Applications” (8 min, USA).  A young woman, appearing to be into heavy makeup, starts her own self-destruction. This is indeed a horror film, and I cringed to watch the hemoglobin flow.

A Night at the Office” (5 min, USA).  A monster who looks like one of the “Grays” is about to abduct and convert everyone pulling an all-nighter to meet a workplace deadline (before a stock market crash, maybe).  And extraterrestrials are apparently quite comfortable hacking Windows-based PC's. 

The Bench” (5 min, Switzerland), a silent film in black-and-white shows a smug young professional get pickpocketed by those in need.

Four Daughters”  (3 min., USA).  I woudn’t want the responsibility for being father or the bride(s). The script makes something of supposed “selfish intentions” inherent in procreation.  At least dad doesn’t have to take his daughters to work and show them off.

Shave Ice is Nice” (4 min, USA).  At least the Hawaiian coast is spectacular.




Thursday, September 13, 2012

"Puss in Boots" has a 1969 animated version from Japan


In a hotel recently, HBO aired the modern “Puss ‘n’ Boots” after  “Marmaduke” (Aug. 25), about the time I went out to the local bars.  I checked Netflix, and found a 1969 animated film “Puss in Boots” (or “The Wonderful World of Puss ‘n’ Boots”)  from Japan (distributed by the notorious American International studio (associated with motorcycle movies like “Born Losers” but also with “La Dolce Vita”), and by Discotek).  (The title in Japanese is “Nagagutsu o hieta neko”; the film is directed by Kimio Ybuki and has subtitles. The original book is by Charles Perrault.)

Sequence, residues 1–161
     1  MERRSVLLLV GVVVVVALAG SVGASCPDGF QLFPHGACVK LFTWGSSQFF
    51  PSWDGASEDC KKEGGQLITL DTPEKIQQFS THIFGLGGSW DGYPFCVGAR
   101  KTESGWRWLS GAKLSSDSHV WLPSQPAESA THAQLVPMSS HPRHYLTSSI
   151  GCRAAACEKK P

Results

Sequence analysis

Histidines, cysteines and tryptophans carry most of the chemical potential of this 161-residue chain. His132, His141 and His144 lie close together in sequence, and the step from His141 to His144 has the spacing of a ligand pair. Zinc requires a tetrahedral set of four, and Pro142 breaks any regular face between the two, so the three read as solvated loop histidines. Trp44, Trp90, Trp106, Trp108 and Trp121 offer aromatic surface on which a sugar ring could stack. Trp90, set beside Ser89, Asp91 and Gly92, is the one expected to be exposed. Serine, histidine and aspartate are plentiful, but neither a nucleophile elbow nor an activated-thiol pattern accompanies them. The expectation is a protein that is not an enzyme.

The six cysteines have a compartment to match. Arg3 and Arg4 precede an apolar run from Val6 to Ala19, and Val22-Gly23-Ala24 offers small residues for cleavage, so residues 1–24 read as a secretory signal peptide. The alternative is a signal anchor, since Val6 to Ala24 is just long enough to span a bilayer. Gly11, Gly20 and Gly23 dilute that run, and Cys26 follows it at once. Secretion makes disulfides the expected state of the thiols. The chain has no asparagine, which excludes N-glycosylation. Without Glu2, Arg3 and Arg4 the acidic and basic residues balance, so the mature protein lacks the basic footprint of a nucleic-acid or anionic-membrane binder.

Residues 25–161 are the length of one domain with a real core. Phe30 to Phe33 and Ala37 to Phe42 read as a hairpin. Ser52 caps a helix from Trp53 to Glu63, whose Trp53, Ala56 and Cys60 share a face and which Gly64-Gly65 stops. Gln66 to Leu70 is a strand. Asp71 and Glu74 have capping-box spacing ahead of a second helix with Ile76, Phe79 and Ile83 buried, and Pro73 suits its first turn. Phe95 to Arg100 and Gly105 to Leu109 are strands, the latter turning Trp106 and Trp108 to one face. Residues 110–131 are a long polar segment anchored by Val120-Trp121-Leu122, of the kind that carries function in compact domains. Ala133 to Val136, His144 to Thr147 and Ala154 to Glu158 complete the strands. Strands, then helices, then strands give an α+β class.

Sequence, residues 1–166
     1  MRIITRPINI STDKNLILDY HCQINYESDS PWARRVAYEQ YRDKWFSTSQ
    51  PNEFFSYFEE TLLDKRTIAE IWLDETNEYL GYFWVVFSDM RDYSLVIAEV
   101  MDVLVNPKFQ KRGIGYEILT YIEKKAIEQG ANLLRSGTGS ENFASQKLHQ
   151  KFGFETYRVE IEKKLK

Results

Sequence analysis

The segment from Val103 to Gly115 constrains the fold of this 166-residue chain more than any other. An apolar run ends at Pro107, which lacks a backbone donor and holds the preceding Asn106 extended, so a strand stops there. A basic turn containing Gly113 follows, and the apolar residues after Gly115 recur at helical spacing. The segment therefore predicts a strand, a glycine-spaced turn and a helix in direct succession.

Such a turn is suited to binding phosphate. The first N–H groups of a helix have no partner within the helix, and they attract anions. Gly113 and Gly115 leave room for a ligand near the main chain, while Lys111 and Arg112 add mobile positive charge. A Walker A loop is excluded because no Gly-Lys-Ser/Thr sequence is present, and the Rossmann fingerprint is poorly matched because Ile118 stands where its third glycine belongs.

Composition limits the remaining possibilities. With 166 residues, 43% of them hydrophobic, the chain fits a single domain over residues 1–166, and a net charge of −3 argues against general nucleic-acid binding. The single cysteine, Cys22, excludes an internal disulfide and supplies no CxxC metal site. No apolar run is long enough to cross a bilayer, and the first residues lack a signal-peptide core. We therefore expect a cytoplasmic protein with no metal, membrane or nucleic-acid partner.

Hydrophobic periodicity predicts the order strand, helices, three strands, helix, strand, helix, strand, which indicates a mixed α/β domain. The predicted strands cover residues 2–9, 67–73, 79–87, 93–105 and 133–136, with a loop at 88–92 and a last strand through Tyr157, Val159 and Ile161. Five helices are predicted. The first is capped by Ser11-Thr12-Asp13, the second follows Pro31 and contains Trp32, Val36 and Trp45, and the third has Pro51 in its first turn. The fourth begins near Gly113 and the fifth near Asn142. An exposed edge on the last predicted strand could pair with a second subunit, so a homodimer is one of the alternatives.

The story parallels human concerns about tribal loyalties and “conflict of interest”.  A cat Pero goes on the run for rescuing mice, and then seeks fame with the boy Pierre. 

At one point, Wagner’s “Wedding March” plays, although without much conviction.

The film, oddly enough, is shot in full widescreen aspect, like the Disney cartoon feature “ Lady and the Tramp” (1955), the first animated feature in Cinemascope.

Wednesday, September 12, 2012

"Kumare": A filmmaker performs a social experiment by "becoming" a guru


It’s probably fair to say that all your own spiritual truths can be found within yourself.  A pastor or a guru is only a guide.  And he doesn’t have to be academically qualified or licensed or anything else.  He just has to be able to manipulate you.

That’s what filmmaker Vikran Ghandi, or Indian parentage but raised in New Jersey, proved, when he grew his beard, put on some robes, and started a gentle little “cult” in the Phoenix area.

Eventually, he would “come out” to his converts and let him know this was a social experiment.  And, guess what, most of them stayed loyal to him.

That’s the subtext of the autobiographical film “Kumare”, the name that Vikran took on for himself.
    
Kumare is quite affectionate with his students, sometimes with some mild homoeroticism. In one scene, a companion gives him a body rub with a rotating buff brush (the kind they use to buff floors in Army barracks).

Before his big announcement, he plays “Samson” and, with a bit of ritual, shaves his beard and cuts his hair down to a normal businessman’s appearance.

The movie mentions the "Urantia" book, which I have somewhere.  I cannot explain its theology in detail, but it has a full history of all major religious figures. 

The official site is here


The film appeared at SXSW in Austin, Texas and is distributed by Kino and IFC.

I saw the film at the West End Cinema in Washington DC before a surprisingly good weeknight crowd.  There were only two shows per day.

For today’s short film, I want to suggest  “The Punishment”, a 22-minute film about “ragging” (extreme "college hazing) in India, from Blue Ocean Films, YouTube link here

I have discussed the international controversy in Middle East of the amateur online film “Innocence of Muslims” on my International Issues Blog (postings yesterday and today).  

Tuesday, September 11, 2012

Documentary explores Toynbee Tiles mystery, presents theory of afterlife